We offered a new activity for freshman orientation this year -- a session for kid's day (activities for the younger brothers and sisters of freshman). Kids signed up to make a shield in the Robbins Library, a medieval special collection in Rush Rhees Library. Of course it was fantastic thanks to Alan, Barbara, Rosemary, and Nora. Barbara cut shields out of heavy paper. The kids could draw or paste things on the shields. When they were done, Alan took their picture with the shield. The shields were fabulous. They were decorated with ballet shoes, cows, hatchets, and pink pompoms! It was a lot of work for us, but I bet it made a huge impression on those kids.

Monday, September 08, 2008

Freshman Advising

I am doing freshman advising this fall. Six freshman. I have so much to so say about the experience, I hardly know where to start. It has made me remember back to when I was a freshman. I was often afraid, alone, lonely, uncertain. I spoke on the phone to my parents once a week. I communicated with my high school friends entirely by letters. We never even spoke on the phone. What a different experience my freshman year was these first year students. My advisees talk to their parents on their cell phone all the time. I know they had long discussions about what classes to sign up for. I made my choices entirely on my own, for better or for worse. They talk and text and facebook their high school friends. Even when they haven't made any friends at the UR, they are still very much in touch with their old friends. I'm guessing it's easier to be a freshman now than it 30 years ago. But maybe it's harder to make new connections when the old ones are never broken?

Sunday, September 07, 2008

Always Connected

I went to convocation on Friday. I frankly sat on the grass and kind of spaced out in the gorgeous weather. But not so, the students all around me. Every single one of them was either texting or listening to their ipod. I had one of those "ah ha" moments. They simply are always connected. I'm still struggle to understand what that's like.

Thursday, September 04, 2008

Ice Cream Give Away

Our last event for orientation week was giving away ice cream to the freshman when they come off the buses from their day of volunteering. It was cold. It was drizzling. We gave away 900 pieces and for the first time ever, RAN OUT!!! We wore our new t-shirts - thanks to Marc and student from the Art Library.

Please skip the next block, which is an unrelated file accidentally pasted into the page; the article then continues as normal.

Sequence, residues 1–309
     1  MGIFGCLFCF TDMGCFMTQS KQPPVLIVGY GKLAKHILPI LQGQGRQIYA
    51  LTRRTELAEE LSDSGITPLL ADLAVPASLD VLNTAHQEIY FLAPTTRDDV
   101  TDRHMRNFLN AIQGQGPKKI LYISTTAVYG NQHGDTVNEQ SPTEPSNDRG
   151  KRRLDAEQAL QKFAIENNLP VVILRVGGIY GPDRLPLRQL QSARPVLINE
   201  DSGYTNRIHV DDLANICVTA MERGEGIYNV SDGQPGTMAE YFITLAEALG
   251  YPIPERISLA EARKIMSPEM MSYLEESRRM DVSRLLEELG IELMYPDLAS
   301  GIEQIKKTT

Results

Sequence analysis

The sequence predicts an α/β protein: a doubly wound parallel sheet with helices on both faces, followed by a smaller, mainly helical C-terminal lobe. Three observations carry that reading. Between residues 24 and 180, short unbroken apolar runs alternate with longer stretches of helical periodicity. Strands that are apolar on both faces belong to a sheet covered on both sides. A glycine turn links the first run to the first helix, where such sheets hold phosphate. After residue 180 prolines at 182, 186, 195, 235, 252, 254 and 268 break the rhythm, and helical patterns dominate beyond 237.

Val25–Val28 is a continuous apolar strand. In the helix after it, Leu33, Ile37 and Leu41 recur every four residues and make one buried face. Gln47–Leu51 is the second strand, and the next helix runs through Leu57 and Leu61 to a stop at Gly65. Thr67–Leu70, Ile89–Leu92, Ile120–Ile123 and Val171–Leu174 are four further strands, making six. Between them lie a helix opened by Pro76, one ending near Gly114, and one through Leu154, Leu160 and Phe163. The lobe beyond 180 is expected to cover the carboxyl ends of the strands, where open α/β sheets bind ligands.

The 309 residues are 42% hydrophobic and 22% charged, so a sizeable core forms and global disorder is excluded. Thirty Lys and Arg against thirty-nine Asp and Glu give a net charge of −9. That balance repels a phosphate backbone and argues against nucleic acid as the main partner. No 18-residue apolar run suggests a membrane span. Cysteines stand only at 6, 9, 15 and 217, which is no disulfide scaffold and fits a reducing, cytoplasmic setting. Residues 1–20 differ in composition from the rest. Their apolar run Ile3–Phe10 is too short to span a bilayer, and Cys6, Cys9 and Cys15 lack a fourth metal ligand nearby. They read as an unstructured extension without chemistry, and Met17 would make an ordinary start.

Tuesday, September 02, 2008

Book Sale -- Orientation Week

Good grief. What were we thinking? We had three events on the Tuesday of Orientation week. Helen and Eileen (with many volunteers) had a small book sale in the reference area. We used to have our major book sale before school started. The parking was ideal, but there were no students. Now we deliberately have more frequent, smaller sales while the students are on campus. It's fun.

Saturday, August 30, 2008

Parent's Breakfast

This is the third year we've had a parent's breakfast. If I do say so myself, it was the best year yet. I'm not sure exactly what the difference was, but librarians and parents were deep in conversation for the entire hour. The first year was reminiscent of a high school dance - librarians and parents awkwardly standing in separate groups. This year, Susan wondered if she should even interrupt and give her welcome. My initial advisor training left me feeling completely overwhelmed and unprepared for the task. Ha ha! It turns out, I did learn something and was able to answer all kinds of questions from parents about classes, withdrawal, writing requirements, etc. Very satisfying! The librarian in the picture is Stephanie, head of the Art and Music Library. One of her students came up with the original idea for our t-shirt. Marc translated the idea into the actual design. Very sharp.

Presidential Jeopardy

Day one of freshman orientation. Students and their parents have to sit in their cars waiting to move into the dorms. While they're waiting, they have a big bag of information to look through. We always include a handout with a piece of candy taped to it (so ours stands out from all the other paper...) This year the theme for orientation was board games. Our invitation to the parent's breakfast on Tuesday had a candy land theme. On the other side of the handout Lisa made a presidential jeopardy game. They can call the reference desk and enter a contest to win a flash drive. We don't get a lot of calls, but we hope they see the invitation and maybe the game helps pass the time for those trapped in the car.

Monday, August 11, 2008

Book Cart Drill Team

Last week was a shocking one for Cynthia. She learned about the fall out shelter, pornography, and last, but not least, book cart drill teams. There are two camps. Those who think the book cart drill teams are silly (Susan and Stanley). Those who think the book cart drill teams are FABULOUS and go out of their way to watch the competition at ALA (Katie). I wonder which camp Cynthia will fall into?!

Wednesday, August 06, 2008

The Newbery Project

This is going to be fun. Kathy found a group of people who are reading all the Newbery Award winning books. I am onboard! I've randomly read 14 so far. (I'm not counting books I read as a kid and can't remember anything about like "Johnny Tremain".)

  1. The Higher Power of Lucky - Sweet story with a happy ending. My favorite kind.
  2. Criss Cross - Hmmmmm. Read it twice and appreciated it more the second time.
  3. The Tale of Despereaux - Started very strong, but petered out...
  4. Holes - very scary. I had to keep telling myself it was only a book.